I grouped Nathan and Gregory together to study Spanish, and this worked well.  I used Speaking Spanish with Miss Mason and Fran├žois, and while we didn't get all the far in the book, we made steady and enjoyable progress.  In Term 3 I set up a binder much like Simply Charlotte Mason's Scripture Memory box and spent the first part of the lesson reviewing the different sections.  I have the book as a PDF, so it was easy to print out the pages individually and stick them in different sections of the binder.  This made our review process so much easier and more fruitful!  I also added our Spanish poems to the binder, as well as some of the additional memory work from the book.  We then ended the lesson with a song in Spanish.  By far their favorite was El Baile de Las Manos by Wistlefritz, probably because it has exuberant full body motions.  But we also played and sang some of the other songs from the Whistlefritz CD too.

Piano


Gregory and Nathan both started piano this year using the online lessons from Hoffman Academy lessons.  I love that it is taught by a male teacher and that he has a real gift for teaching piano and making these video lessons work.  I am so impressed by what he has done to try and make piano lessons more affordable and accessible.  The boys have responded really well to the lessons and while we have moved slowly (in part my fault for not being consistent in introducing new lessons but also because I want them to be really solid in a lesson before moving on) they are learning and they are definitely enjoying it.

Handicrafts

I tried origami in the fall, but between a bad time slot and not enough individual attention for learning it, it was a fail.  In the winter I added handicrafts to his afternoon readings block and he learned to knit a doll's scarf successfully.  I was hoping to help him do some felt work and stitching in Term 3 in that same time slot, but that required more help than the knitting so it didn't work out.  I consoled myself with thoughts of all the building he and his brother were doing outside and didn't push it.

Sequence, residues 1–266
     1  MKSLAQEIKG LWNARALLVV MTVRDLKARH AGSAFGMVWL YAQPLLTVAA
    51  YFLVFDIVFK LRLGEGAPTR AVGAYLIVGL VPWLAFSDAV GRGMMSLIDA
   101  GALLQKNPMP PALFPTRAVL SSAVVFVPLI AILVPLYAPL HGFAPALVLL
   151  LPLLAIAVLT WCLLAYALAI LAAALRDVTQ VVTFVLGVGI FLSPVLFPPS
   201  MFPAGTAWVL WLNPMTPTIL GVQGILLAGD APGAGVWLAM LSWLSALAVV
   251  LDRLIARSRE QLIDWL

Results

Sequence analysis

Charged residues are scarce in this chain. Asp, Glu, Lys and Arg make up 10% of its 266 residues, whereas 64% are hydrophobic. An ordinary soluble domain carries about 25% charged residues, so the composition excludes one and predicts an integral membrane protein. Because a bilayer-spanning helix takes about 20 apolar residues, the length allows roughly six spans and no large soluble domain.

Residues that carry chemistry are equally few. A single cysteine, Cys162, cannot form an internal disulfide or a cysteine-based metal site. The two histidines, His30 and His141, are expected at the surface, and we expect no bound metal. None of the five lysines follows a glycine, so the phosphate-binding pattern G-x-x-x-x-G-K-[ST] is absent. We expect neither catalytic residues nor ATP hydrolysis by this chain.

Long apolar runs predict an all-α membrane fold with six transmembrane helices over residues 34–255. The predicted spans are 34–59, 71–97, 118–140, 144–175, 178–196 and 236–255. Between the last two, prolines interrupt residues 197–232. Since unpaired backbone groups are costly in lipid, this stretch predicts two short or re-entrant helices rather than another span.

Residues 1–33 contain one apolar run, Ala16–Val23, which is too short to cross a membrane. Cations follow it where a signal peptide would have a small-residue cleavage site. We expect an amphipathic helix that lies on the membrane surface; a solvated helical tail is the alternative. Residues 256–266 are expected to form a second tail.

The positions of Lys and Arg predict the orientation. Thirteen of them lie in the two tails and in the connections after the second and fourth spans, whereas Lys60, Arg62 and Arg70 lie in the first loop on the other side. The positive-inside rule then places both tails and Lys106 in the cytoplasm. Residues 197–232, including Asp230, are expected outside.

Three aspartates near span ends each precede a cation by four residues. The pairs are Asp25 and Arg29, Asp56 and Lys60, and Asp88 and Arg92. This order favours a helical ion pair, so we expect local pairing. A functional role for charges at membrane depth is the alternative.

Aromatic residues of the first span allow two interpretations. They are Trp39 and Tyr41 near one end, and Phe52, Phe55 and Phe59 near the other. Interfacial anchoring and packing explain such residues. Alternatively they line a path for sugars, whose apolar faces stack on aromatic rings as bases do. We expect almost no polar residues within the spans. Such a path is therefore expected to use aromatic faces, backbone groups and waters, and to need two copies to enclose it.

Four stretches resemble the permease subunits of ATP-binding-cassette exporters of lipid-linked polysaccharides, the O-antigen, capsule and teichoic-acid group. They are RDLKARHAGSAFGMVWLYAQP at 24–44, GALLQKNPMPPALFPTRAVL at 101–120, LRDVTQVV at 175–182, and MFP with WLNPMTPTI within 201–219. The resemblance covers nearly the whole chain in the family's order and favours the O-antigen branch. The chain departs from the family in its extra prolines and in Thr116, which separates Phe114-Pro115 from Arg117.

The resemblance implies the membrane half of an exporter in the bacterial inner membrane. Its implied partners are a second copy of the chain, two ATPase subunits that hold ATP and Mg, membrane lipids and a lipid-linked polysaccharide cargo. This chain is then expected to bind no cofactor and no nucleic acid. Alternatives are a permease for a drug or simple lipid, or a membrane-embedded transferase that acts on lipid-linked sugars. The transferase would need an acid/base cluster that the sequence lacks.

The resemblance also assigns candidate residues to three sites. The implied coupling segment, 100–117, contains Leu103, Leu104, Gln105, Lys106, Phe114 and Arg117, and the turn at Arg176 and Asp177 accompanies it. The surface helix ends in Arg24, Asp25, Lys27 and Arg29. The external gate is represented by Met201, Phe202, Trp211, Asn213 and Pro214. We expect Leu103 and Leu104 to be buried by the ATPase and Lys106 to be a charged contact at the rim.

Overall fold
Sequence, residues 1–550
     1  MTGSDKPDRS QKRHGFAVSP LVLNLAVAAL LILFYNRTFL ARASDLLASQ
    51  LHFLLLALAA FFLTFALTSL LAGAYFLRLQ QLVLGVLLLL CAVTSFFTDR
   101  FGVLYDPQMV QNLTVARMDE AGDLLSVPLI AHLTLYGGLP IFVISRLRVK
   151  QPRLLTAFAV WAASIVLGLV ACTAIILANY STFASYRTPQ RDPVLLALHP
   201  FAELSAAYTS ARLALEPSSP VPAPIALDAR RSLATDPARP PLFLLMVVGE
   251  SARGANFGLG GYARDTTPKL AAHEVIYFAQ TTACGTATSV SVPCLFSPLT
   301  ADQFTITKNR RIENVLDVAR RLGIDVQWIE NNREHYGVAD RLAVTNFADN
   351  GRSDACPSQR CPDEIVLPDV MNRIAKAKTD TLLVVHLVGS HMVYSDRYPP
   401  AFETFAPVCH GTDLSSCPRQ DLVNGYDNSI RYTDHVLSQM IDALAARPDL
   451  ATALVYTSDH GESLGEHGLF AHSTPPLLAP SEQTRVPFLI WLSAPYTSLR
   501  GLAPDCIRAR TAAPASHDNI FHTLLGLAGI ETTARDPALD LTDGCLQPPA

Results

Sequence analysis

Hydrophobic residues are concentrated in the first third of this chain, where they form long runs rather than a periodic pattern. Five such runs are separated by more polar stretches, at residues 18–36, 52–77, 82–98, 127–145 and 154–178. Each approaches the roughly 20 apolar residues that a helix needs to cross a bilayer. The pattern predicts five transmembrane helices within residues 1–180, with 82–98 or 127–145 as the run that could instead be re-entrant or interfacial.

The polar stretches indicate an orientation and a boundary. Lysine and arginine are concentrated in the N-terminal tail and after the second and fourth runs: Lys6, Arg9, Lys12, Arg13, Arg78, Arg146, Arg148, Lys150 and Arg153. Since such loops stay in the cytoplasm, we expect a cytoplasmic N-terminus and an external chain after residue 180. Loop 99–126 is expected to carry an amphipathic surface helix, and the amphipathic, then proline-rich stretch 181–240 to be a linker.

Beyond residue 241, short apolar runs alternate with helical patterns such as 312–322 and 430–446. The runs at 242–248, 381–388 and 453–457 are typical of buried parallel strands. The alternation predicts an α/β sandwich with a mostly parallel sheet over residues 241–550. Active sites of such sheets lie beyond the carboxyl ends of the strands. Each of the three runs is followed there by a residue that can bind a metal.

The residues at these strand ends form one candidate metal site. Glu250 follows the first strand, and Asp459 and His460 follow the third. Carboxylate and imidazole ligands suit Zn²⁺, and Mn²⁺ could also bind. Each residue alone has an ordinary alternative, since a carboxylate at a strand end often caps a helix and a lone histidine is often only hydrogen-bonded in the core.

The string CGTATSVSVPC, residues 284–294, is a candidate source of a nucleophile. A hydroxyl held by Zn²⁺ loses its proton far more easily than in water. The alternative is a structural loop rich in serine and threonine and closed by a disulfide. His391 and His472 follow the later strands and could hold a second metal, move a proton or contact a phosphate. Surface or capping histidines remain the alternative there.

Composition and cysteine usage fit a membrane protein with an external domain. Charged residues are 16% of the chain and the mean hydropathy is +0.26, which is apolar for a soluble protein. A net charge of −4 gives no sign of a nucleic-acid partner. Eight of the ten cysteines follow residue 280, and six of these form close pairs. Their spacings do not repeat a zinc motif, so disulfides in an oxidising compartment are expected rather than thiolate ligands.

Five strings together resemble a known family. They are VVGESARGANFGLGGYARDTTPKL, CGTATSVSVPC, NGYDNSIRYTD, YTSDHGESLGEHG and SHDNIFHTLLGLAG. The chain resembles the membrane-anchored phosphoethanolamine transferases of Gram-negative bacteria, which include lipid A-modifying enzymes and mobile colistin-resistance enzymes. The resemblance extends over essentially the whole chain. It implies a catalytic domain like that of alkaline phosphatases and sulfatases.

Other Subjects

Other subjects, such as recitation (memory work), music appreciation, artist and composer study happened (or not) in the context of our family time.  Directed art was pretty much non-existent this year, except for our evening drawing practice.

Rescued worms after a storm - we've managed to keep them alive, although they have moved containers several times

The Booklist

Most of these books are from Ambleside Online's Y2 program.  Please see their site for the full schedule, extremely helpful weekly breakdown of readings, and lots of other helpful information.

Titles in Bold are books we used and finished all I had scheduled, books in Italics are books we abandoned or didn't even begin, and books in plain type are books we put in some work on, but did not complete as scheduled.  *Books with asterisks are his favorites.

*Our Island Story
*Little Duke
*Joan of Arc (used the Avi version because we owned it already)
*Viking Tales  (carried over from last year)
Columbus
*Castle Diary (I wouldn't use this again except as a free read)
*Our Island Saints (carried over from last year)
*Rare Catholic Stories
*Little Apostle on Crutches
A Little Book About Confession for Children  (wouldn't use again)
King of the Golden City  (a favorite for me, if not for Nathan!)
Baltimore Catechism - selections
Angel Food for Boys and Girls - selections
*Tree in the Trail
*Seabird
Wild Life in Woods and Fields - Nathan read aloud
Wild Life in Pond and Stream - Nathan read aloud
BFSU
*Understood Betsy
*Brighty of the Grand Canyon
*Along Came a Dog
Bible Story Book
Pilgrim's Progress (as part of family studies)
Tales from Shakespeare
Trees and Shrubs 

If you're familiar with the Ambleside booklist, you'll notice a few things are missing, namely:

Parables from Nature - I just didn't like this book, largely because it seemed too longwinded and it didn't leave enough scope for imagination (Nelleke and I had an interesting conversation about it in the comments on her blog last year)

Trial and Triumph - I decided I would rather focus on English and Irish Saints and finish our Saints book from last year.  Besides, I'm Catholic.  :-)


Bible Readings - We read and narrate the Mass readings just about every day in our home, so everyday the children are hearing and narrating from the Old Testament or Epistles and the Gospels.  I decided that since these readings aren't always in order, I would also read a Bible story book to give the children a better grounding in the chronology of the Bible.  I'm growing less and less happy with this solution, and I will probably change it for next year.

The Wind in the Willows and Robin Hood - We love these books in our family and have listened to them over and over again.  I decided to pull a few books from the free reading list and schedule them to introduce Nathan to some new stories rather than reading aloud ones he already knows so well.